Why do this? Perhaps the investor thinks they might get a better price in a few days, so he wants to be able to sell the other five calls later but still lock in today’s prices. Maybe the investor doesn’t want to part ways with all of their position, but would be comfortable with half their holdings being called away, provided the stock closes above the strike price on expiration day.

Trading Covered Calls to Protect Profit

It all really comes down to comfort — and risk/reward. For being so basic, the covered call is actually quite versatile. Say there’s a large rally in a stock that we own 200 shares of. Shares of MNO have gone from $50 to $65 in six weeks and is looking tired. 

We could sell 1 $65 call for $2.00 expiring in two weeks. This lets us stay long and we are comfortable if the stock gets called away at $65. For our willingness to sell the stock, we are collecting $200 in credit. Assuming we hold until expiration and are fine with either outcome, that essentially allows us to cash out at $67 if MNO closes at or above $65.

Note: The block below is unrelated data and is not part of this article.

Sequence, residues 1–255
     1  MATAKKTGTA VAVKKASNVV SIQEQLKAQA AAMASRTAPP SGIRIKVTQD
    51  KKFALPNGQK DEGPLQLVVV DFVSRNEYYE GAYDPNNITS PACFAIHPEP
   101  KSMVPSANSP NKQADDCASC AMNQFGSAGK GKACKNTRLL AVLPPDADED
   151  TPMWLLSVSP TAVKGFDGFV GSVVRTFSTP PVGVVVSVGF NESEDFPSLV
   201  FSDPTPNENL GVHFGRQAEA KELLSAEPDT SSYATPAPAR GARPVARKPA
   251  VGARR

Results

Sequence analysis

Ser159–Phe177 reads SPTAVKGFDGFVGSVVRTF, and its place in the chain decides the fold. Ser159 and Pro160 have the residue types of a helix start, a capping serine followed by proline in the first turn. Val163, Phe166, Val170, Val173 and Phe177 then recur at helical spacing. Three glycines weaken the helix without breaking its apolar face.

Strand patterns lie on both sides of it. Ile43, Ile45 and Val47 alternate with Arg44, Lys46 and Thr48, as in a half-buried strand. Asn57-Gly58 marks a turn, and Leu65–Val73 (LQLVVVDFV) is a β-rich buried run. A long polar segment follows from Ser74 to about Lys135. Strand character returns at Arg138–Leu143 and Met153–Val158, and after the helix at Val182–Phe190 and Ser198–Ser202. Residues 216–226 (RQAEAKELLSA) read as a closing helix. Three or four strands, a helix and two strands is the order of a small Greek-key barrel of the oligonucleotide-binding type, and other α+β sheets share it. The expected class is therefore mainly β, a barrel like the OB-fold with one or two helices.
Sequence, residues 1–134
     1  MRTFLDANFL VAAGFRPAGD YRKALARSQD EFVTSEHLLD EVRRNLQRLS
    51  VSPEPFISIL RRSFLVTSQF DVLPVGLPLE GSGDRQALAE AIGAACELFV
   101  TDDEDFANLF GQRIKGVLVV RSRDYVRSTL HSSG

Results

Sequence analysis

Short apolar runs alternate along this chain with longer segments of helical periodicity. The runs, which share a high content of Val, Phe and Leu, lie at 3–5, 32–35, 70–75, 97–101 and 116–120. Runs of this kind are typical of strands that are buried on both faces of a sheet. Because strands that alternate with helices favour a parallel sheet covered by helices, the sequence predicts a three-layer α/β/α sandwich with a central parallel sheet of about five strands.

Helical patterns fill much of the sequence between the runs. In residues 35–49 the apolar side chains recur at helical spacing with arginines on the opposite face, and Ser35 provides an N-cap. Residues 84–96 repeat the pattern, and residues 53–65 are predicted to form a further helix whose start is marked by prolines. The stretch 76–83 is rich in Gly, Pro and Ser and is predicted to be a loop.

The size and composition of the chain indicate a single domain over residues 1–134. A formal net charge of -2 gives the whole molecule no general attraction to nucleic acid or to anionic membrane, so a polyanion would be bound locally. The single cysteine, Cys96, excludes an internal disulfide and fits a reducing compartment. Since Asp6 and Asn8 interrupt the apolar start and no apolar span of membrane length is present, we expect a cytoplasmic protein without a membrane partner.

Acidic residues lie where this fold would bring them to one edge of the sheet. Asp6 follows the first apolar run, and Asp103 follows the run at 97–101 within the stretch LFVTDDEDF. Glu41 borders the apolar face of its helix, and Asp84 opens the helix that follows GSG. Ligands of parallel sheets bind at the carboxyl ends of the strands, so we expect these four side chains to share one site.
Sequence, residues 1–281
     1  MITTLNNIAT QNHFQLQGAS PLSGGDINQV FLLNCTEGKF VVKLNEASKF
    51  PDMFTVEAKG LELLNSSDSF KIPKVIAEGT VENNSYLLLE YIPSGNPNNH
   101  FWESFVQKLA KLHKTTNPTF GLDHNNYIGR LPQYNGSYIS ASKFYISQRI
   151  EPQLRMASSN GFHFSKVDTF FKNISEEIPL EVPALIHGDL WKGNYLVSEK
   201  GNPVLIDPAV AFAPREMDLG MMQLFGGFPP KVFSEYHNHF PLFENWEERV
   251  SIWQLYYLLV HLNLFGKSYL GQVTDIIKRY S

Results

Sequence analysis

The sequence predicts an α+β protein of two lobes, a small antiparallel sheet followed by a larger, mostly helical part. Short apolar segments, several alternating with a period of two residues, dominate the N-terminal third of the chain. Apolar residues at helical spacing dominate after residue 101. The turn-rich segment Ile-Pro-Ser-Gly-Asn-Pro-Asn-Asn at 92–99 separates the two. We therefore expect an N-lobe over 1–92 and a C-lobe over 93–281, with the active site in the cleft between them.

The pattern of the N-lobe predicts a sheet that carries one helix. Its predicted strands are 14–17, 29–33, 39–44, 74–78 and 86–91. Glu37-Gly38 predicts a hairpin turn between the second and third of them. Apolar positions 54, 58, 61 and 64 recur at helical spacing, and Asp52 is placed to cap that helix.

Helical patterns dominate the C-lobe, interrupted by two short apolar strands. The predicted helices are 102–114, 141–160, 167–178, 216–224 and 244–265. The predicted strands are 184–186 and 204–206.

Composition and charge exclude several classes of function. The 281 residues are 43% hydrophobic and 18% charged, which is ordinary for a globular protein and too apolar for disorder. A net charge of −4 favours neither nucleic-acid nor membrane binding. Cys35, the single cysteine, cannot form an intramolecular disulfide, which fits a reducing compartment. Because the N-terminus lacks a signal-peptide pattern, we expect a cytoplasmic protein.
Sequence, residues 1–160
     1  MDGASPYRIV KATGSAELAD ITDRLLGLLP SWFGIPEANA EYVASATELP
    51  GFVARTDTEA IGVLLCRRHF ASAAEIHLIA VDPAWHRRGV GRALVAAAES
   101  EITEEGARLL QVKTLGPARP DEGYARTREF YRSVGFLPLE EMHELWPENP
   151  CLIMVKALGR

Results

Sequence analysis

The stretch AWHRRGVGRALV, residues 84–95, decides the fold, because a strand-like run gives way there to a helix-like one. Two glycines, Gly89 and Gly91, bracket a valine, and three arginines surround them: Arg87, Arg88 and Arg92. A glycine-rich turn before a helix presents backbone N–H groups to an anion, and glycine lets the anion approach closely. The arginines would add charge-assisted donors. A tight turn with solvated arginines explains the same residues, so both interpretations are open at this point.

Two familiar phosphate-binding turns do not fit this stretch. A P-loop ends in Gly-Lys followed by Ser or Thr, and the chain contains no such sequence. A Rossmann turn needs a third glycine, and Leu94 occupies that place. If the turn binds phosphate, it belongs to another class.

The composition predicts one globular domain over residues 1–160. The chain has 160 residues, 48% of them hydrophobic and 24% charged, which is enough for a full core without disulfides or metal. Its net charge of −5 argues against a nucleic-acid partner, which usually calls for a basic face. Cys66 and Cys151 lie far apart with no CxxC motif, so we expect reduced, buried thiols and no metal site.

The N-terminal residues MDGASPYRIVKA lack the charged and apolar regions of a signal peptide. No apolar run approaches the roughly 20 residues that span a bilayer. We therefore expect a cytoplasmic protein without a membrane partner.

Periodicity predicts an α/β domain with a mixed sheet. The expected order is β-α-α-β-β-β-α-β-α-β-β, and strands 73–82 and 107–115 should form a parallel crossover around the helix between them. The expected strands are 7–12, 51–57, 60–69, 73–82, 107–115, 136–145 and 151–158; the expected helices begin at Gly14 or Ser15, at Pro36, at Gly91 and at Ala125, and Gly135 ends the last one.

If the stock pulls back, we are protected down to $63 on 100 shares. By only selling 1 option, we have flexibility. For instance, if the stock continues higher, perhaps we consider selling the $70 call against our last chunk of 100 shares.

In the case above, we sold a covered call at-the-money. Most investors who sell covered calls against stocks they already own will often do so out-the-money. In the case above, that may have meant selling 2 $70 calls against our 200 shares when shares are at $65.